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'Investigating other people’s tragedies and cock-ups and misfortunes was all he knew. He was used to being a voyeur, the outsider looking in, and nothing, but nothing, that anyone did surprised him any more. Yet despite everything he’d seen and done, inside Jackson there remained a belief – a small, battered and bruised belief – that his job was to help people be good rather than punish them for being bad.' Cambridge is sweltering, during an unusually hot summer. To Jackson Brodie, former police inspector turned private investigator, the world consists of one accounting sheet – Lost on the left, Found on the right – and the two never seem to balance. His days are full of people clamouring for answers and explanations. A jealous husband suspects his wife. Two spinster sisters make a shocking find. A solicitor investigates an old murder. A nurse has lost her niece; a widow, her cats. Jackson has never felt at home in Cambridge, and has a failed marriage to prove it. He is forty-five but feels much, much older. He is at that dangerous age when men suddenly notice that they’re going to die eventually, inevitably, and there isn’t a damn thing they can do about it. Surrounded by death, intrigue and misfortune, his own life is brought sharply into focus. Ingeniously plotted, full of suspense and heartbreak, CASE HISTORIES is a feat of bravura storytelling that conveys the mysteries of life, its inanities and its hilarities. It is a life-affirming work of profound insight and intelligence.
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Case Histories continues a winning streak for Kate Atkinson which began when her impressive novel Behind the Scenes at the Museum won the Whitbread First Novel Award. Since that book, Atkinson has gleaned a keen following of readers who are prepared to follow in the surprising directions the unpredictable author takes us on. And Atkinson--so far--hasn’t let us down.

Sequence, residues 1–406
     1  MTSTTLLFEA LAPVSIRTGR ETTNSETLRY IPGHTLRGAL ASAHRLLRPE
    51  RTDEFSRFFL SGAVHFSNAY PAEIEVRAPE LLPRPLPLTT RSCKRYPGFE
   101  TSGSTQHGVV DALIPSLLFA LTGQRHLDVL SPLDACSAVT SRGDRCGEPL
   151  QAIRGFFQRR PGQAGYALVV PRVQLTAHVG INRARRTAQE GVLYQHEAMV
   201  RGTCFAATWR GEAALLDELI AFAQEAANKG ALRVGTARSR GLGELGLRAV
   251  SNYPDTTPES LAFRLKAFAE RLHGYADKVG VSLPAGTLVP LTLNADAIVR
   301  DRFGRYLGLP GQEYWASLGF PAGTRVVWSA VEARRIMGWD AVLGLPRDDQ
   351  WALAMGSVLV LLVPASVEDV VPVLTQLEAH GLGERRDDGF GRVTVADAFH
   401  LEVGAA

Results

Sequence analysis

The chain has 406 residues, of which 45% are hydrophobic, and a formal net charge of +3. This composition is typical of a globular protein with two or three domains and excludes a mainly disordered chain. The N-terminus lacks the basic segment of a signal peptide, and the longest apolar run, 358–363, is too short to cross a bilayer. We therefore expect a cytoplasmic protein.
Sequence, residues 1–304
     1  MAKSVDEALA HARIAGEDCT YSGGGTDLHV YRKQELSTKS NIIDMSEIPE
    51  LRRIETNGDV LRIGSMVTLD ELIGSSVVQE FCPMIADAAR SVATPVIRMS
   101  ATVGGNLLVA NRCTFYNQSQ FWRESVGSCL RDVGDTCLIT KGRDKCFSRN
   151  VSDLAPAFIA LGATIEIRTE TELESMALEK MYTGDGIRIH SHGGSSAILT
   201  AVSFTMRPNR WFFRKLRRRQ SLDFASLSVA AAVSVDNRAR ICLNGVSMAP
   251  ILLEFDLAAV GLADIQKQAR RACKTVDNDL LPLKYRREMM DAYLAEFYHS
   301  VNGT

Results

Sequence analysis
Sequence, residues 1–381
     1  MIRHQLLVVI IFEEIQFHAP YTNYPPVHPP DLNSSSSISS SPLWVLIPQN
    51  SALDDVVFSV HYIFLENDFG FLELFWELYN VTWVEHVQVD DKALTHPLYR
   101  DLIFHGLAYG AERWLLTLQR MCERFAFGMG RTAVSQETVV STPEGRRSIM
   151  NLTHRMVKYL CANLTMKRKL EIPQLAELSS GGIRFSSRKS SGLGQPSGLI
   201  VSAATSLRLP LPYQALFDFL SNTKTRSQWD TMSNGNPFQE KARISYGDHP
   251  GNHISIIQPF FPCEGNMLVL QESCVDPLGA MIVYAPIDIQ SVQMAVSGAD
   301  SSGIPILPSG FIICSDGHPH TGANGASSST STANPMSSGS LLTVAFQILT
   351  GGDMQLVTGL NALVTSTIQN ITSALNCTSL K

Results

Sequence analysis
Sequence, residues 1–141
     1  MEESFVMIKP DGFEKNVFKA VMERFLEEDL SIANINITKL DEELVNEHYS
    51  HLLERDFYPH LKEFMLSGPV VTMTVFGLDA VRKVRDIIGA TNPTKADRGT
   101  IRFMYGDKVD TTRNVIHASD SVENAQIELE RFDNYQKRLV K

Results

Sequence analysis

The perfectly judged prose that distinguished Human Croquet is fully in evidence in Case Histories, and a new frisson here comes from the genre-stretching that Atkinson is indulging in. In some ways, this book could almost be seen as a new take on the crime novel (not the first genre one would expect the author to tackle), but the crime elements here Atkinson uses are peripheral. The protagonist here is a former police inspector who now makes a living as a private investigator. Jackson Brodie is making ends meet in a sweaty Cambridge summer and trying to deal with his own failed marriage. But if his life is adrift, perhaps Brodie can justify his existence via his belief that he can do some good for the people he encounters in his job. But he is to find that he will be irrevocably changed by those he is trying to help.
As a vividly created cast of characters surround the beleaguered Brodie, all the novelistic skills that shone in Atkinson's earlier books are fully in play. Those deluded into thinking they've picked up something resembling a standard private eye novel will find something much more rich and strange; Atkinson goes from strength to strength.--Barry ForshawReview:
'Not just the best novel I read this year...but the best mystery of the decade.' -- Stephen King, Entertainment Weekly
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Book Description Doubleday, 2004. Condition: New. New. Seller Inventory # Q-0385607997